While the article provides a great amount of information through its literature review and research, there is a high degree of vagueness surrounding the methodology followed by the authors. To begin with, they do not state a clear research question. Further, they do not provide an explanation of the research methods chosen, nor do they compare other options and elucidate why they were not chosen for the study. While the epistemology of the research is sound and identifies sufficient criteria for the researchers to prove that social media does influence marketing effectiveness in hotels, the ontology is flawed. While the researchers focus on the wider reality of social media influence on marketing, they do not address the realities of specific user groups attributable to the hotel industry. The sampling of the study is also flawed as it takes into consideration a large number of hotels without defining a demographic group of users to focus on. Hence, the sample is highly diluted. Finally, the authors provide no details about the validation and ethical considerations of the study and hence the reader cannot be certain that the findings are accurate and the research was conducted in an ethical manner.
The article highlights one of the most prominent difficulties that hotels experience with social media, namely the absence of a standardized benchmark. The results derived from the critique of the paper show how numerous hotels have failed to interact properly with customers and offer reliable and timely information. They often entice potential buyers by highlighting the property through videos and pictures. These aspects need to be enhanced by the practitioners if they wish to get a significant return on investment and recognize what the customers want . All these points are important for a hotel that wishes to use the power of Facebook in a good way for its advantage but the article neglects to touch upon many of these points in detail. Some are mentioned briefly but the details have been glossed over without explaining the finer points. However, all of this is necessary for the article to explain properly the situation what the hotel industry is doing wrong in terms of its social networking use. They must be able to understand their shortcomings and prepare to rectify the problems immediately if it wants to utilize Facebook till its full potential.
Ban, J., & Ramsaran-Fowdar, R. R. (2013). Developing a model for online social travel networks in the tourism industry. Proceedings of 23rd International Business Research Conference, (pp. 1-10). Melbourne, Australia.
Buhalis, D., & Law, R. (2008). Progress in information technology and tourism management: 20 years on and 10 years after the internet – the state of eTourism research. Tourism Management , 29 (4), 609-623.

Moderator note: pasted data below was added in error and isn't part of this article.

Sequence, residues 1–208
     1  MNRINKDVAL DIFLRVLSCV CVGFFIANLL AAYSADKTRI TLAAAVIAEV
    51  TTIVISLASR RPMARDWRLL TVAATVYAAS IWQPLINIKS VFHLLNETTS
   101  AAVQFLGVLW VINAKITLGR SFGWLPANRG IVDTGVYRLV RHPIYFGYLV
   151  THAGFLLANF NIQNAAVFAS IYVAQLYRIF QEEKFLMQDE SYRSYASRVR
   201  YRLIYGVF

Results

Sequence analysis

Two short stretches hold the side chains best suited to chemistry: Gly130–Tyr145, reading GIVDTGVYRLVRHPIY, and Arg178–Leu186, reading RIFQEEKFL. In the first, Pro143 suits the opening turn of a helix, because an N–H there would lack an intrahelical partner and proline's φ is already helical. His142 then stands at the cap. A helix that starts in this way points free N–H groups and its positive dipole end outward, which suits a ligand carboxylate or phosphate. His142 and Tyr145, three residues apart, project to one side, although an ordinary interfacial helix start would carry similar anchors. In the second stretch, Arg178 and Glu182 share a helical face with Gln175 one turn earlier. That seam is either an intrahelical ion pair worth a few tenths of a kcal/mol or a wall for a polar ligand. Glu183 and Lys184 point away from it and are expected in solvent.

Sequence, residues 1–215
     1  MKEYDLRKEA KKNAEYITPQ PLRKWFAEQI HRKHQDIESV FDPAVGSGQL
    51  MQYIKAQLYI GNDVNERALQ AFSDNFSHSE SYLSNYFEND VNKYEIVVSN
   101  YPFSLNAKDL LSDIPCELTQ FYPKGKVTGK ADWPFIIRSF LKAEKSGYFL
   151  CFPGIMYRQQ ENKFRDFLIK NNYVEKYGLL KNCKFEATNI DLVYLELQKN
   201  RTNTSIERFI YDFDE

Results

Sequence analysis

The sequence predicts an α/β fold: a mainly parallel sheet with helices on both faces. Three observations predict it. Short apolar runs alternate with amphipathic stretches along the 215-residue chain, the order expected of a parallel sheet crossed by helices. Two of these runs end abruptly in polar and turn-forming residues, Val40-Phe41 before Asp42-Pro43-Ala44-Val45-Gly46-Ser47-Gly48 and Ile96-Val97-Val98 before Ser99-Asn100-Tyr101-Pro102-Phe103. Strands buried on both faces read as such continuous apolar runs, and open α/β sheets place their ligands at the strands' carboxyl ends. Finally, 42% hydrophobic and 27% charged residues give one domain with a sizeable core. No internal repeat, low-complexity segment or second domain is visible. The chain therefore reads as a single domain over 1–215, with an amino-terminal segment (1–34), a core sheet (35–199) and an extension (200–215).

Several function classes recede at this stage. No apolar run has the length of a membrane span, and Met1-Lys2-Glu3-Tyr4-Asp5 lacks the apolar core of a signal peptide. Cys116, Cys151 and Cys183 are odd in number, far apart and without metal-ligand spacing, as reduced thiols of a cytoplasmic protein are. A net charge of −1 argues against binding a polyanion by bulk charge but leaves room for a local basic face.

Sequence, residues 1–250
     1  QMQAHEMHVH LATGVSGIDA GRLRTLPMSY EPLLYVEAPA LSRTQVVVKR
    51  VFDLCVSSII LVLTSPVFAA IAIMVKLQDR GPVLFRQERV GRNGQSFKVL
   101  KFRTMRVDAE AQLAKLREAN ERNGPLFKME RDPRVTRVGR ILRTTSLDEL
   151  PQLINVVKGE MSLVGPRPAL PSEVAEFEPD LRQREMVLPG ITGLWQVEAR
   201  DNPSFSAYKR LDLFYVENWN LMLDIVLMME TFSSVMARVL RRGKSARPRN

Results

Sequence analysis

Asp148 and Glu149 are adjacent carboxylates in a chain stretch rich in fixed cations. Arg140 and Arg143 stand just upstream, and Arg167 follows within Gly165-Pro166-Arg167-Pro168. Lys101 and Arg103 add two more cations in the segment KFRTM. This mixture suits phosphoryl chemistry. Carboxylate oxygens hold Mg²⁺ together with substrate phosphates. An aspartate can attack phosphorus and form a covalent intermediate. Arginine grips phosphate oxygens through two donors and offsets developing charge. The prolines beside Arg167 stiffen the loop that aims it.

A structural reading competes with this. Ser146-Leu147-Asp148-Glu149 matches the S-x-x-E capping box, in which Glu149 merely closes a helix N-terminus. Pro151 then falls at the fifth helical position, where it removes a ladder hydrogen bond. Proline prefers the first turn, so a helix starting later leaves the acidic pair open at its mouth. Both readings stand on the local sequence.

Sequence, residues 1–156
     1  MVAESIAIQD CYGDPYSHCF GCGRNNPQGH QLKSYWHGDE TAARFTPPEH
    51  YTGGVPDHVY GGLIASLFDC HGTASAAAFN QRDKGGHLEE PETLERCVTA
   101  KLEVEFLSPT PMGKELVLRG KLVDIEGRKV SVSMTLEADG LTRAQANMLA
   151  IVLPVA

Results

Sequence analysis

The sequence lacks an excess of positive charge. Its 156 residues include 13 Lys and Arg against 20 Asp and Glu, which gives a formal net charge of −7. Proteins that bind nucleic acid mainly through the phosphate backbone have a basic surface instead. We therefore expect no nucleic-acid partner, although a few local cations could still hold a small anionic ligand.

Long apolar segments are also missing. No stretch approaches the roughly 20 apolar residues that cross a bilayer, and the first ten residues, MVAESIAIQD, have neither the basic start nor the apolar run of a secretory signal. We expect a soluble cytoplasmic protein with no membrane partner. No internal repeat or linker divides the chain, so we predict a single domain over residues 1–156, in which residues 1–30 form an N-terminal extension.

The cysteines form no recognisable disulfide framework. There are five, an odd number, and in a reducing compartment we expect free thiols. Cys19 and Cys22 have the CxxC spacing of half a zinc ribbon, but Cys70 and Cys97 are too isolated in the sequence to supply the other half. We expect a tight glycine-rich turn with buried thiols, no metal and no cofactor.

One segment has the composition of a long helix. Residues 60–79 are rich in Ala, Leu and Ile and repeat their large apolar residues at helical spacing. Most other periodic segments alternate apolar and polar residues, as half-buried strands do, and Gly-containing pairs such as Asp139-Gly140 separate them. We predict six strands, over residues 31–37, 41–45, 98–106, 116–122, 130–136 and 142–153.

Chan, N. L., & Guillet, B. D. (2011). Investigation of social media marketing: how does the hotel industry in Hong Kong perform in marketing on social media websites? Journal of Travel and Tourism Marketing , 28 (4), 345-368.
Ciccarelli, S., & Meyer, G. (2007). Understanding Psychology. Singapore: Pearson Education South Asia Pte, Ltd.
Feagin, J., Orum, A., & Sjoberg, G. (1991). A case for case study. Chapel Hill, NC: University of North Carolina Press.
Heino, H. (2014, February 13). Social Media Demographics - Twitter and Facebook. Retrieved March 24, 2014, from Agile Impact: http://agileimpact.org/social-media-demographics-twitter-and-facebook/
Hsieh, H., & Shannon, S. (2005). Three approaches to qualitative content analysis. Qualitative Health Research , 15 (9), 1277-1288.
Kang, J. (2011). Social media marketing in the hospitality industry: The role of benefits in increasing brand community participation and the impact of participation on consumer trust and commitment toward hotel and restaurant brands. Retrieved March 24, 2014, from Digital Repository @ Iowa State University: http://lib.dr.iastate.edu/cgi/viewcontent.cgi?article=1384&context=etd
Kaplan, S. (2010, February 2). Embracing social media message as viral marketing platform. Retrieved March 21, 2014, from Boston Business Journal: http://www.bizjournals.com/boston/blog/mass-high-tech/2010/02/embrace-social-media-messages-as-viral.html
Kasurinen, T. (2002). Exploring management accounting change: the case of balanced scorecard implementation. Management Accounting Research , 13, 323-343.
Leung, X. Y., Bai, B., & Stahura, K. A. (2013). The marketing effectiveness of social media in the hotel industry: A comparison of Facebook and Twitter. Journal of Hospitality and Tourism Research .
Rong, J., Li, G., & Law, R. (2009). A contrast analysis of online hotel web service purchasers and browers. International Journal of Hospitality Management , 28 (3), 466-478.
Rosman, R., & Stuhura, K. (2013). The implications of social media of customer relationship management and the hospitality industry. Journal of Management Policy and Practice , 14 (3), 18-26.